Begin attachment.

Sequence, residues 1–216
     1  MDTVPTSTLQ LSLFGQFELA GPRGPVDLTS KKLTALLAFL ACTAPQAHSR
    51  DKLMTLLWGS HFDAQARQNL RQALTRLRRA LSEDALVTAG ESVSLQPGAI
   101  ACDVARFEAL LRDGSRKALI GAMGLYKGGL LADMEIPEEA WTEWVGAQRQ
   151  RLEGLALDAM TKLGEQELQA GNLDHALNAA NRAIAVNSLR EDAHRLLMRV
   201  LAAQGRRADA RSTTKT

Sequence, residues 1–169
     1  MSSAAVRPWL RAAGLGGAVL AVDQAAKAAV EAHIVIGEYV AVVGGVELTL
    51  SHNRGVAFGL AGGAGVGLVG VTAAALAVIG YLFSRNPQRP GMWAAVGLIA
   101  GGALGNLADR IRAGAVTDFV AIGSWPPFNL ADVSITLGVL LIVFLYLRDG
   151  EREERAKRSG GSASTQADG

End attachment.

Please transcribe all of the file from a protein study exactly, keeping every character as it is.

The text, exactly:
Sequence, residues 1–216
     1  MDTVPTSTLQ LSLFGQFELA GPRGPVDLTS KKLTALLAFL ACTAPQAHSR
    51  DKLMTLLWGS HFDAQARQNL RQALTRLRRA LSEDALVTAG ESVSLQPGAI
   101  ACDVARFEAL LRDGSRKALI GAMGLYKGGL LADMEIPEEA WTEWVGAQRQ
   151  RLEGLALDAM TKLGEQELQA GNLDHALNAA NRAIAVNSLR EDAHRLLMRV
   201  LAAQGRRADA RSTTKT

Sequence, residues 1–169
     1  MSSAAVRPWL RAAGLGGAVL AVDQAAKAAV EAHIVIGEYV AVVGGVELTL
    51  SHNRGVAFGL AGGAGVGLVG VTAAALAVIG YLFSRNPQRP GMWAAVGLIA
   101  GGALGNLADR IRAGAVTDFV AIGSWPPFNL ADVSITLGVL LIVFLYLRDG
   151  EREERAKRSG GSASTQADG